Review Summary: Just let me roll, let the high times carry the low/just livin' my life easy come easy go
The unattainable goal of any live album is to bring as much of the live experience to the listener as possible. I say unattainable because a live album limits a concert to just its auditory aspects, when a show is so much more of a sensory experience than just the music being played. The physical presence of the band itself, the crowd pressing and milling about in the heat and glare of the stage lights, the sweat, beer and weed smells drifting and mingling into something heady and vital are all integral parts of the live experience. As such, the best any live album can hope to do is to try to capture that atmosphere through audio alone, a task that, while impossible in essence, the best live records are able to approach by documenting the sheer vitality and spirit of the group as they pour passion and sweat into their music for the entertainment of the wide-eyed crowds. Viva Terlingua, Jerry Jeff Walker’s live debut with The Lost Gonzo Band, is not only one of those records, it perhaps best embodies the sense of place and atmosphere of a live show more than any other live country album.
There’s something lovably ramshackle about Viva Terlingua, a spontaneity and lackadaisical charisma that calls to mind a half-drunk jam sesh between a bunch of seasoned country veterans, fueled by Wild Turkey and herb, songs broken up by bull sessions and raucous laughter that blare out into the pre-dawn summer air. It’s loose and unpolished, occasionally to the point of being sloppy, but it’s so effusive in its good humored charm that any minor hiccups in the singing or playing can be forgiven without a second thought (although Jerry’s broken yowl in Sangria Wine might cause a few cringes). Gettin’ By, the slacker anthem that opens the album, rolls along easy and smooth, Jerry Jeff half-sheepishly poking fun at his own erratic recording schedule while studio heads wait anxiously for new material. It’s a mindset that fits Walker’s ethos to a T, that there’s no point making tunes until the time’s right, and the time ain’t right until it’s fun to make music. Ultimately, it’s the core spirit of the record, the sound of a band just reveling in the sheer joy of making good, fun music, paying tribute to heroes and friends and letting the audience share in the experience.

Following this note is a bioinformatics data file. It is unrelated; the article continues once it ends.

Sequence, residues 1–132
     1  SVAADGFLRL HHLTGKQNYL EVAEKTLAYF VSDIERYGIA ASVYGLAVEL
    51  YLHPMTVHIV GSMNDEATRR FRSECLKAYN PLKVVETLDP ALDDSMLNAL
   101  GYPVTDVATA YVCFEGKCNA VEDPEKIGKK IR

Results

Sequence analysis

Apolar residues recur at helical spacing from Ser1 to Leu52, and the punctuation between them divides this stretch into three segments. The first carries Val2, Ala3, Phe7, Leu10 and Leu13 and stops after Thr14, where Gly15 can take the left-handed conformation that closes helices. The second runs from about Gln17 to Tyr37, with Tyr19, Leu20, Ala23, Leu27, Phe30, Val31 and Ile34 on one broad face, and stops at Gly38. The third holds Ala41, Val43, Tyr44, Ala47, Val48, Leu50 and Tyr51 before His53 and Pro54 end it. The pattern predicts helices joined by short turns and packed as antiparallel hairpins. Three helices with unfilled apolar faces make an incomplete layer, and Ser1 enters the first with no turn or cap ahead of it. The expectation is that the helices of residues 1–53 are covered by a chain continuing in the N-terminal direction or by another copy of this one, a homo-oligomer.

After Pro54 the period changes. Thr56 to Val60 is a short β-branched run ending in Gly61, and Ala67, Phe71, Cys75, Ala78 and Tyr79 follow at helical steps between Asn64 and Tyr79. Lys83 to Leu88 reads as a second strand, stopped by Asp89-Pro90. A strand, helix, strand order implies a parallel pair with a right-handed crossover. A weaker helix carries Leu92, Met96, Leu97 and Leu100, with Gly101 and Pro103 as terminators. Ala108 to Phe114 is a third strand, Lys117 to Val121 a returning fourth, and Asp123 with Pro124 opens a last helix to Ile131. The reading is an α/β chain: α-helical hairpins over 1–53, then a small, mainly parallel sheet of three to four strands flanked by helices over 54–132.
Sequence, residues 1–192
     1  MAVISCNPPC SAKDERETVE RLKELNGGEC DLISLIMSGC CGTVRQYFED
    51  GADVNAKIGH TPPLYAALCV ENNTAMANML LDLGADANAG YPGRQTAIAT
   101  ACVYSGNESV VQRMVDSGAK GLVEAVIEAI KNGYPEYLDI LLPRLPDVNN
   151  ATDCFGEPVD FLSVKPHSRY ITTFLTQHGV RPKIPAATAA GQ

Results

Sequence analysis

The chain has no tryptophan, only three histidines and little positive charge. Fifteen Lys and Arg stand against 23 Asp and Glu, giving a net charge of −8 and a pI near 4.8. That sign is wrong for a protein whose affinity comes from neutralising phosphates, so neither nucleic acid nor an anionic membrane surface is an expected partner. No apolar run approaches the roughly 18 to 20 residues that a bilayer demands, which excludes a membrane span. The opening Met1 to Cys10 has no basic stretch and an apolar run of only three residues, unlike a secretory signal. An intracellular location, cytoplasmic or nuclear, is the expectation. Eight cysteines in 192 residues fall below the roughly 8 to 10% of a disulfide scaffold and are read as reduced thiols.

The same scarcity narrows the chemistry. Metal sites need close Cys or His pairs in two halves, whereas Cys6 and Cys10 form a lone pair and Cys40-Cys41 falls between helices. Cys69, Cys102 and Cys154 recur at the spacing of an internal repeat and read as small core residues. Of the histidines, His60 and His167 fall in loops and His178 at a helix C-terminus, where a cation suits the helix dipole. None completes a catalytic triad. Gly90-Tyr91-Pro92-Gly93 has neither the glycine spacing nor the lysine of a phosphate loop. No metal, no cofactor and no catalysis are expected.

Described on the liner notes as a live album recorded in the Luckenbach TX dance hall, a jam-packed show with an admission price of $1, there’s actually only a handful of tracks with any kind of audience noise in the background. The album does such a good job capturing the energy of the band, however, that you really don’t need to hear the crowd cheering each and every track to know that Jerry and the band were killing the show. By all accounts, regardless of how much audience noise made it on the record, the crowd that night was more than rowdy enough to match the high spirits of Jerry and the Lost Gonzo Band, and their enthusiastic participation shows itself most clearly on the hilarious Up Against The Wall Redneck Mother, the crowd whooping and roaring with each line of the song. It’s an inspired moment and one of the best uses of crowd noise I’ve heard on a live track. The crowd shows up again, to riotous effect, on London Homesick Blues, an initially despondent ballad about longing for everything Texas while stuck in a London hotel. After a couple of verses the song roars to life as the chorus breaks into a howling refrain, the crowd responding in turn as the anthemic chorus breaks down into roaring applause that might have closed the album if not for the band busting into a final chorus. It’s so spontaneous, freewheeling and fun
that it manages to embody many of those intangible qualities that separate a legendary concert from a merely good one. It’s in finding these qualities that Viva Terlingua becomes not just one of the all-time great live country albums, but one of the great live albums of any genre.